Here’s the thing: speed THINKING is needed if you want to speed type. You need to snap, snap, snap, think on your feet, not dawdling around all will-nilly ho-hum planning this, outlining that, procrastinating and blaming it all on writer’s block. No. You don’t NEED to pre-plan, think of plots, come up with ideas, or build outlines. You CAN write without those things. It just takes having the self discipline to train yourself to do it.

I think far too many fiction writers don’t take professional typing training, because they really don’t take their writing seriously. If they did, they also wouldn’t make fun of and mock those of us who take our careers as writers seriously.

I think too, far too many writers, think they can pop out a single novel, become an overnight millionaire, and then never have to work a day in their life, just live off royalties forever. But that’s not how the publishing industry works. Writing is hard work, long hours, gruelling schedules/deadlines, and far less pay than you could get flipping burgers at MckyDs or stocking shelves at Wal-Mart.

Think about it... I COULD, dawdle around twiddling my thumbs, blaming my inaction on writer’s block and publish 1 novel every 10 years... or I could take my job seriously, punch writer’s block in the face, and have the self discipline to sit down and type and publish 2 to 3 articles of 5k each per day, 1 short story of 35k words a week and 4+ novels of 150k words per year... oh, wait, that IS what I do, because guess what? I have bills to pay and I don’t have the luxury of sitting around waiting for inspiration or some muse to bite my ass and get me writing.

That’s why I mentioned typing speeds.

Think about it.

Speed typing also = speed thinking.

If you want to type fast, you also have to think fast.

Well, when you are thinking fast enough to be typing 175 words per minute, you are also thinking fast enough to be organizing the plot and characters as you go.

This is how it works in the newspaper industry. There is ZERO time to stop and ask questions like: “Should I avoid using this trope in favour of using that trope?”


You have under 2 hours to hand in your finished, edited 3,000 word copy and you are still driving to the crime scene.

The thing is, writing for newspapers taught me to think super fast, to plan in my head WHILE I’m typing. To outline in my head AS I TYPE. To think of the story on the spur-of-the-moment WHILE I TYPE IT. Granted this is not an easy skill to learn, and before writing for newspapers I too struggled to write 100 words a day, but then I learned to discipline myself to write without worrying about it. To just write.

Does that mean everyone should type like I do? No. Certainly not. But it does mean one shouldn’t lump every writer into ALL can do this or NONE can do that. And unfortunately, that is what many people do. They’ll say because THEY type 5million words of world-building and plotting and outlining a year, and only get 1,000 words of actual story written a year, that no one can write fast. We are all different and write as slow or as fast as suits us personally. No one way is right or wrong.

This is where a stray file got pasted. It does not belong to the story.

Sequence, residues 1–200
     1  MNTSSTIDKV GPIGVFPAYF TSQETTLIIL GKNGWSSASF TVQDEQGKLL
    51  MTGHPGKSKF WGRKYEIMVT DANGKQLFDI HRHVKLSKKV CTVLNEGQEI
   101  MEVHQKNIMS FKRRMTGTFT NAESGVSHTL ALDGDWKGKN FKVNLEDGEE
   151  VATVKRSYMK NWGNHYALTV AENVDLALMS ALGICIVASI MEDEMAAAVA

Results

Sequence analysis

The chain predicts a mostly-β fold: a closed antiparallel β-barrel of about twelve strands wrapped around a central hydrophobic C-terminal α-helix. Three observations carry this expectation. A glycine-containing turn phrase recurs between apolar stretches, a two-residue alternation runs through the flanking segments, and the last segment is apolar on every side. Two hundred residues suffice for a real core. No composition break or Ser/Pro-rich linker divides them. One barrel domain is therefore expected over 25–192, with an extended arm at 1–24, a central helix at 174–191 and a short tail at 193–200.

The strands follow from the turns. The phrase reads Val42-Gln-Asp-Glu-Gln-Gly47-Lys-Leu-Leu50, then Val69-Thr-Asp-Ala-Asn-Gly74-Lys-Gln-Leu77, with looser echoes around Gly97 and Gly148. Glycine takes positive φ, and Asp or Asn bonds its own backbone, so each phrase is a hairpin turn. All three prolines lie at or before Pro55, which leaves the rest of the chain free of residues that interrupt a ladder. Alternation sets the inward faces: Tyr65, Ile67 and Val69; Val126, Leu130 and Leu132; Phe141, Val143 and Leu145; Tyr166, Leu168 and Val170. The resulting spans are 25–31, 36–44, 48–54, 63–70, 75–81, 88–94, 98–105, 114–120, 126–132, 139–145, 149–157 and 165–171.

But, here’ comes back to things like using or not use tropes:

But, here’ comes back to things like using or not use tropes:

If you sit around thinking about tropes (or outlines or plots or character arcs) then you ARE NOT WRITING, and you also are not even actually thinking about writing either.

Let’s go back to the Boston Globe job... if I got a call at 10PM to show up at a crime scene and write a 5k report to publish by the noon edition, that leaves me 2 hours to not only write but also drive to the scene, investigate, drive back to the office, type, edit, format, then rush it to the printing boys. I do not have time to waste daydreaming about how I’m going to write; I don’t have time to diddle out an outline; I don’t have time to worry if I’m using overused phrases/tropes, I barely have time to drive to the crime scene, and I have to write after I investigate too.

In the newspaper business, your boss hands you a “headline” a single sentence, and expects you to hand him back a fully edited 2k+ word article in 3 hours or fewer. No time to plan. No time to outline. No time to think about anything but THE STORY ITSELF. You have to tell the story. Just write the story. That’s it.

Well, back to fiction writers and tropes.

I worked for the newspaper before I wrote fiction novels and so when I started writing novels; I went into it using the same method I used writing for the newspaper: Take a single sentence, and expand it into a novel. That’s it.

No thought about tropes, characters, plots, outlines, nothing. Simply writing on the fly, come hell or high water. If it ends up with tropes in the story, well, so be it. Maybe that story needed them. And you know what? If someone looks at one of my novels and says I use too many or not enough tropes, I’m just going to point out that they see tropes because they WANT to see tropes.